We’re posting this up as it seems to have slipped under a lot of people’s radar. The essence of this huge recent case was relating to the doctrine of penalties under contract law. The Decision would seem to be very pertinent to many of the contract areas where members and friends of the Dignity Alliance are involved and may help develop new legal strategies out there. Please let us know how you get on…
Today the High Court handed down its decision in Andrews v ANZ, concerning the Court’s jurisdiction to relieve against penalties. The decision is likely to have an impact upon commercial arrangements and the drafting of commercial contracts.
In 2010 a representative action was commenced against Australia and New Zealand Banking Group Limited (“ANZ”) by some of its customers in respect of various fees imposed on them. As part of those proceedings, it was alleged that that the fees payable by the customers to ANZ were void or unenforceable as penalties. At first instance,
Justice Gordon held that the majority of those fees could not be penalties as the fees were not payable on breach of
contract. The question was removed to the High Court for consideration.
What is a penalty?
The position before today’s decision:
A fee payable under contract will be a penalty where it is imposed to secure the performance of another obligation of the party required to pay, and the quantum of the fee is out of all proportion with the damage suffered by that non-performance.
Recent authority on penalties (e.g. Interstar Wholesale Finance Pty Ltd v Integral Home Loans Pty Ltd (2008) 257 ALR 292) had established that relief against penalties was only available for fees payable on breach of contract (“Recent Authority”).
Many commercial contracts have been drafted on the basis of this Recent Authority. Rather than such contractual fees being payable on breach of contract, such contractual fees are drafted permissively. For example, a fee payable on breach would be as follows:
(a) A leases a shop to B for $100 p/w, on the condition that the shop is not used on weekends.
(b) If (a) is breached, B agrees to pay A $500 for each breach.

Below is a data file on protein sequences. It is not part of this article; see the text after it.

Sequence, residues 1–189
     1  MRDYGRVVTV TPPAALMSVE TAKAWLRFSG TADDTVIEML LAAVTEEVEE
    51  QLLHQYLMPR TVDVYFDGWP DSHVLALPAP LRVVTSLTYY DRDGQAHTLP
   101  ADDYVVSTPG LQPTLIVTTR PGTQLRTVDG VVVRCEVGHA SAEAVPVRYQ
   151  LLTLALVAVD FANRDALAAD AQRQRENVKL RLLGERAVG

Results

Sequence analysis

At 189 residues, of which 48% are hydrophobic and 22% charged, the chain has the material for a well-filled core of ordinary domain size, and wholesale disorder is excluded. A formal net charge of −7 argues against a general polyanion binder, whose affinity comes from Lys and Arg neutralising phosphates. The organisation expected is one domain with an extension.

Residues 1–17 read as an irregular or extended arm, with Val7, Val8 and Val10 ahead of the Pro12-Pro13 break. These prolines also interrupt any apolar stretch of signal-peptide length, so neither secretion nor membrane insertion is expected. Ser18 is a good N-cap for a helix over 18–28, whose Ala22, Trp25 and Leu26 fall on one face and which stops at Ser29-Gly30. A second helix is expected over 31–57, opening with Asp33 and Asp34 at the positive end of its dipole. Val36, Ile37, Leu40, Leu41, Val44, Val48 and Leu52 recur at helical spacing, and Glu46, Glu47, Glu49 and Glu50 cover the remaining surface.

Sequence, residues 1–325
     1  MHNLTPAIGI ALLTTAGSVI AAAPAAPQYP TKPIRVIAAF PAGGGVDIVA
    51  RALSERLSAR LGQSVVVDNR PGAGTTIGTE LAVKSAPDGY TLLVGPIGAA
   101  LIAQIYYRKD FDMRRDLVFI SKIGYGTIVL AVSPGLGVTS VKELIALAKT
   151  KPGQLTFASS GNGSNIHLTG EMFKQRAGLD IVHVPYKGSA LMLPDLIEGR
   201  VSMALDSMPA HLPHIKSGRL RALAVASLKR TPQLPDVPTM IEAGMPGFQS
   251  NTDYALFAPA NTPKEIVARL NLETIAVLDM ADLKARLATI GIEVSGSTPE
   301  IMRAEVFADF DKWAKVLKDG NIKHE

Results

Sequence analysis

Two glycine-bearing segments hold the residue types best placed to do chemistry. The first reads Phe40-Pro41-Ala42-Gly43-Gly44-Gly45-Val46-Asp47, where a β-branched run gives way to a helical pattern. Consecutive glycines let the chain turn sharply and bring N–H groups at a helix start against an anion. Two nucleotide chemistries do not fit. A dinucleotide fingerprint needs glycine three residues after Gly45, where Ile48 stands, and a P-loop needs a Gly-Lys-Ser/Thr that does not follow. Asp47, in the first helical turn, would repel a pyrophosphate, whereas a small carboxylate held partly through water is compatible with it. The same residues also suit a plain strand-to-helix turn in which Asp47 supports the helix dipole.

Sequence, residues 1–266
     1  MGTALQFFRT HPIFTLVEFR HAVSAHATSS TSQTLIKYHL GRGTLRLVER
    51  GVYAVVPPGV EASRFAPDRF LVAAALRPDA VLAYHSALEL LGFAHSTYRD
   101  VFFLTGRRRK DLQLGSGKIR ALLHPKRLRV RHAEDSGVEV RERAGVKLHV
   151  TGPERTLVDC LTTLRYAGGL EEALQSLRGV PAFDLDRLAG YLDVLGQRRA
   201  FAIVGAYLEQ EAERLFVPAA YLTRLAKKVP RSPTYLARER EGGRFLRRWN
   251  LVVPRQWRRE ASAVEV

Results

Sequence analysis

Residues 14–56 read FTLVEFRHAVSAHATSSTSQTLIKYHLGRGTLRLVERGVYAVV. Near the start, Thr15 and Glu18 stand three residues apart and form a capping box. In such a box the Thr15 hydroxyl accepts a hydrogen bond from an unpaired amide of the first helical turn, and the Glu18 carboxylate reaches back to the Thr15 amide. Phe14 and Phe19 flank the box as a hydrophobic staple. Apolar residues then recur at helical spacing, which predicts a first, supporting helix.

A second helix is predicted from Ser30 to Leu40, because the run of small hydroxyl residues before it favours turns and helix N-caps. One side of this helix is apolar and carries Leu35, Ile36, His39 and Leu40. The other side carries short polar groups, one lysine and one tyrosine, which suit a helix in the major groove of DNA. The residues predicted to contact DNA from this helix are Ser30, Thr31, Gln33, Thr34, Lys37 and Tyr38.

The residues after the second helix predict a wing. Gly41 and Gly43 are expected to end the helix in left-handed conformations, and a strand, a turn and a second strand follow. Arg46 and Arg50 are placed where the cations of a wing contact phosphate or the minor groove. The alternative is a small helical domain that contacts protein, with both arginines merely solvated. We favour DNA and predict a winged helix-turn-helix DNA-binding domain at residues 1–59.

If the fee of $500 is not a genuine pre-estimate of the damage suffered by A by B’s breach, it will be unenforceable as a penalty.
Yet, the same position could be validly achieved if the contractual terms were drafted permissively, for example:
(a) A leases a shop to B for $100 p/w for use Monday to Friday.
(b) B agrees to pay A $500 each time the property is used on the weekend.
Today the High Court unanimously ruled that Recent Authority is incorrect on the basis that relief against penalties is potentially available even if a fee is not payable on breach of contract. The High Court decided that the correct approach to determining whether a fee is a penalty is to ask whether the purpose of the fee is to secure performance of a primary obligation by the party subject to the fee or whether the fee is truly a fee for further services or accommodation. If it is a fee for further services or accommodation, it will not constitute a penalty even where the fee payable is significant. If the fee is payable to secure performance of the party subject to the fee, it will only be
enforceable if it is a genuine pre-estimate of the damage suffered by reason of that party’s non-performance.
To emphasise the distinction between penalties and fees for services, the High Court outlined and approved of the
decision in Metro-Goldwyn-Mayer v Greenham  2 NSWLR 717. That case involved a contract for the hiring of films to exhibitors for public showing. The contract gave exhibitors the right to one screening of the film only. The contract provided that a sum four times the original contract fee was payable for each additional screening. It was